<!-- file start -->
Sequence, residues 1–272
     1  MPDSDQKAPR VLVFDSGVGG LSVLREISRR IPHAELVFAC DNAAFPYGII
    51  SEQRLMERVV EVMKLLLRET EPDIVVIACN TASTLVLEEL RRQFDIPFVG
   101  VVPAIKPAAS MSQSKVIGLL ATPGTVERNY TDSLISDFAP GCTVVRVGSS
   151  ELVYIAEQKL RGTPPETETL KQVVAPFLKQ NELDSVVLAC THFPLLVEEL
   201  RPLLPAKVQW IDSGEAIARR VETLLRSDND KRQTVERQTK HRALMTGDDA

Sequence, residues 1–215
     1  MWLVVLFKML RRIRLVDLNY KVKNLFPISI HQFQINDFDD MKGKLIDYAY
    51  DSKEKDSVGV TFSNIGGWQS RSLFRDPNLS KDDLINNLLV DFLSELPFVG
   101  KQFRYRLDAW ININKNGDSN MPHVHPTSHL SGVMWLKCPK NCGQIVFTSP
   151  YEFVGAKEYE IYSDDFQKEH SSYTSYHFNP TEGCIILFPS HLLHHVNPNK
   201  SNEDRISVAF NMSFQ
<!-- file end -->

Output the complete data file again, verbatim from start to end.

Sequence, residues 1–272
     1  MPDSDQKAPR VLVFDSGVGG LSVLREISRR IPHAELVFAC DNAAFPYGII
    51  SEQRLMERVV EVMKLLLRET EPDIVVIACN TASTLVLEEL RRQFDIPFVG
   101  VVPAIKPAAS MSQSKVIGLL ATPGTVERNY TDSLISDFAP GCTVVRVGSS
   151  ELVYIAEQKL RGTPPETETL KQVVAPFLKQ NELDSVVLAC THFPLLVEEL
   201  RPLLPAKVQW IDSGEAIARR VETLLRSDND KRQTVERQTK HRALMTGDDA

Sequence, residues 1–215
     1  MWLVVLFKML RRIRLVDLNY KVKNLFPISI HQFQINDFDD MKGKLIDYAY
    51  DSKEKDSVGV TFSNIGGWQS RSLFRDPNLS KDDLINNLLV DFLSELPFVG
   101  KQFRYRLDAW ININKNGDSN MPHVHPTSHL SGVMWLKCPK NCGQIVFTSP
   151  YEFVGAKEYE IYSDDFQKEH SSYTSYHFNP TEGCIILFPS HLLHHVNPNK
   201  SNEDRISVAF NMSFQ